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Apple's new 'Behind the Mac' ad campaign puts spotlight back on creatives

Apple on Thursday debuted a new ad series detailing the many ways creative professionals use Mac to accomplish their work across a range of very different disciplines, from music to app development. Each story furthers the implication that Mac is a machine that empowers, harkening back to campaigns touting the company's close bonds with those who make.

Behind the Mac



The first ads in Apple's "Behind the Mac" series aired on the company's YouTube channel late today. Currently, four videos are live, one of which serves as an introduction to the marketing thrust.

Each roughly minute-long commercial tells the story of a creative professional or consumer who, in their own words, describes how Mac has enabled them to achieve success. A type of customer testimonial, the ads are expertly crafted to show, not tell, Mac's ability to augment, enhance and facilitate the creative process.



Popular musician Grimes is among those who rely on Mac to create. In explaining her workflow, she says technological advancements like the MacBook Pro allow her to take music making out of the studio, an important ingredient in her recipe for sonic innovation.

Grimes starts all new projects on a Mac, Apple says in the ad. She suggests tools like Mac are becoming more affordable and easier to use, meaning anyone can create on a professional level.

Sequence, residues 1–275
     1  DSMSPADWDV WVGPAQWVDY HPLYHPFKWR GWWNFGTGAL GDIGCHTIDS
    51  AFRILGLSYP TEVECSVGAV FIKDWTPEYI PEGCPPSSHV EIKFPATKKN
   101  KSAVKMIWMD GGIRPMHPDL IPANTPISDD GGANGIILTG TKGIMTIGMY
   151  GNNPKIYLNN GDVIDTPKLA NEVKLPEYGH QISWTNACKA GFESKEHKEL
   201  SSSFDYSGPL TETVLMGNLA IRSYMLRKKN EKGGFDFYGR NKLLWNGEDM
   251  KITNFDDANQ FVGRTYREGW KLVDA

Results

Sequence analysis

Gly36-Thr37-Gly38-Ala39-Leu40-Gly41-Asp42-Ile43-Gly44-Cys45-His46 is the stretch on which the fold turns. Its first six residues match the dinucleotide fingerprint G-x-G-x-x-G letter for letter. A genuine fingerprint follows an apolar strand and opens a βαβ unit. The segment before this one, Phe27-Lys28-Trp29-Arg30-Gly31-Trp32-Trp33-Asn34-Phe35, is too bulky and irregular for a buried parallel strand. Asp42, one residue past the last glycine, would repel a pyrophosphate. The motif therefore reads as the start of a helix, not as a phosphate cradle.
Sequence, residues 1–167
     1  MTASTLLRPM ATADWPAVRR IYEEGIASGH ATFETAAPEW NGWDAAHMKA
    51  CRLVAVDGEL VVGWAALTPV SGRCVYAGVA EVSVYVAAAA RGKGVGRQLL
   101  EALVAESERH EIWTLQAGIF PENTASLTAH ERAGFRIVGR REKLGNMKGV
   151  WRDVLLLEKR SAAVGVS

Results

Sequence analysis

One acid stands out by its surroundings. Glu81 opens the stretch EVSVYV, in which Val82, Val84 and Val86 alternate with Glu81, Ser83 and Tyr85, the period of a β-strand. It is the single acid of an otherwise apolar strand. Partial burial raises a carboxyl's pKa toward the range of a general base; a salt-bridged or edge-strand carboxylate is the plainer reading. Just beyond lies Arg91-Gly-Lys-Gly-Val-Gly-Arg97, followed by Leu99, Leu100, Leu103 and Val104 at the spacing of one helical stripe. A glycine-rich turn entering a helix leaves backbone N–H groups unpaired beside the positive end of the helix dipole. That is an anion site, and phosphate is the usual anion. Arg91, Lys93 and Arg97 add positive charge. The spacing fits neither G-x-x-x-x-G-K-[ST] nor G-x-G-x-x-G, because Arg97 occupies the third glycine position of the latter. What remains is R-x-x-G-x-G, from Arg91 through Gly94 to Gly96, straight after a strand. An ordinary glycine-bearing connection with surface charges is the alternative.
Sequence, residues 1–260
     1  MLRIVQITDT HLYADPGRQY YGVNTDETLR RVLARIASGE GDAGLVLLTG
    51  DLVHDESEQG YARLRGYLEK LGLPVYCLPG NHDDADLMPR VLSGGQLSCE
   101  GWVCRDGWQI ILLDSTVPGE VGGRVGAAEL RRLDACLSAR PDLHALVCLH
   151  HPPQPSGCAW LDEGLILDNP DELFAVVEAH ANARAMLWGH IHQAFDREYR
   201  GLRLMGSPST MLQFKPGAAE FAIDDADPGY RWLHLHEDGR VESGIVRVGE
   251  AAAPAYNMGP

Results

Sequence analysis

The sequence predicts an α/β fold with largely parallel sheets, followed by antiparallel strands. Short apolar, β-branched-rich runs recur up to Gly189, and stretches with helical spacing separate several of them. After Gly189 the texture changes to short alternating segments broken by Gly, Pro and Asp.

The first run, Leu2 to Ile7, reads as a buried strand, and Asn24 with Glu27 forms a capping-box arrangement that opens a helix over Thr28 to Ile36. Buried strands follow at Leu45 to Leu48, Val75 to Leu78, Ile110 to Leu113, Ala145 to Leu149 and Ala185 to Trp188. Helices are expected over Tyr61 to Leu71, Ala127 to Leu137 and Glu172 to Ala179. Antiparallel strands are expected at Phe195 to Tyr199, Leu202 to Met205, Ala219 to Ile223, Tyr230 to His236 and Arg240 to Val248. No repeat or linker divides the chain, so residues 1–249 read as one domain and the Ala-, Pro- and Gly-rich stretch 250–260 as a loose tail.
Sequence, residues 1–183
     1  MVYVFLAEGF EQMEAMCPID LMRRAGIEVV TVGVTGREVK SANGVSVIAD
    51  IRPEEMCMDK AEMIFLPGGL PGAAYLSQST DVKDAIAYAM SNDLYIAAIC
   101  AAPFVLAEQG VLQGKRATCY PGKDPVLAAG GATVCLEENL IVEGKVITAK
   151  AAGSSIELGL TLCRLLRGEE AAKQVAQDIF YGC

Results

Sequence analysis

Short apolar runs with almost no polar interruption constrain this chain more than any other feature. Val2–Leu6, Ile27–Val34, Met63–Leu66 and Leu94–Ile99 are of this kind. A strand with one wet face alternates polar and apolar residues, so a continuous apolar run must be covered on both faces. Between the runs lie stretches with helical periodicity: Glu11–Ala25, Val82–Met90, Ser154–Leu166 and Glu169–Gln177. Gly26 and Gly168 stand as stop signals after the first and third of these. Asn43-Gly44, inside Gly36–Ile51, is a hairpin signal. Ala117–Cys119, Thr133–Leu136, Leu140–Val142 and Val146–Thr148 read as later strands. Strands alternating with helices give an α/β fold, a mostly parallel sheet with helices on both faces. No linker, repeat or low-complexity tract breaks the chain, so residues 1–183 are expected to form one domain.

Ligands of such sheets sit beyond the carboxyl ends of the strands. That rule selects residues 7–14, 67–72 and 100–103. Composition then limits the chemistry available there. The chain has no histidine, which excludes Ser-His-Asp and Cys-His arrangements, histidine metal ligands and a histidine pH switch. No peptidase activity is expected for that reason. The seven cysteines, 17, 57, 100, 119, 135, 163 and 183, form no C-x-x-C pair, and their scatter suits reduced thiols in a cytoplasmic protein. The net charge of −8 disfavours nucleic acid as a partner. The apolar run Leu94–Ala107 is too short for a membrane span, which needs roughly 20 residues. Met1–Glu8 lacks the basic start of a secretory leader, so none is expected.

A second short throws a spotlight on Bruce Hall, a legally blind photographer who harnesses Mac's power to produce unique perspectives of the world around him. Through a combination of accessibility features built into Mac's hardware and software, Hall is able to retouch and edit photos in hopes of "expressing the beauty in the world."

Able to see detail at extremely close distances, Hall says MacBook is "allowing [him] to do things that [he] couldn't do a decade ago."

Hall's work is part of the permanent collection in the Library of Congress.



Finally, a third video tells the tale of Peter Karikui, an entrepreneur and app developer who created localized ride-hailing service SafeMotos on his Mac. The service incentivizes safe motorcycle taxi driving in Rwanda through real-time monitoring via iPhone, while riders can select vetted drivers through an eponymous app.

Karikui touts Mac's capabilities as a coding platform, saying he can create anything he imagines with his MacBook Pro.



According to iMore, the final campaign will include stories from 12 individuals. When Apple intends to release the next batch of stories is unknown.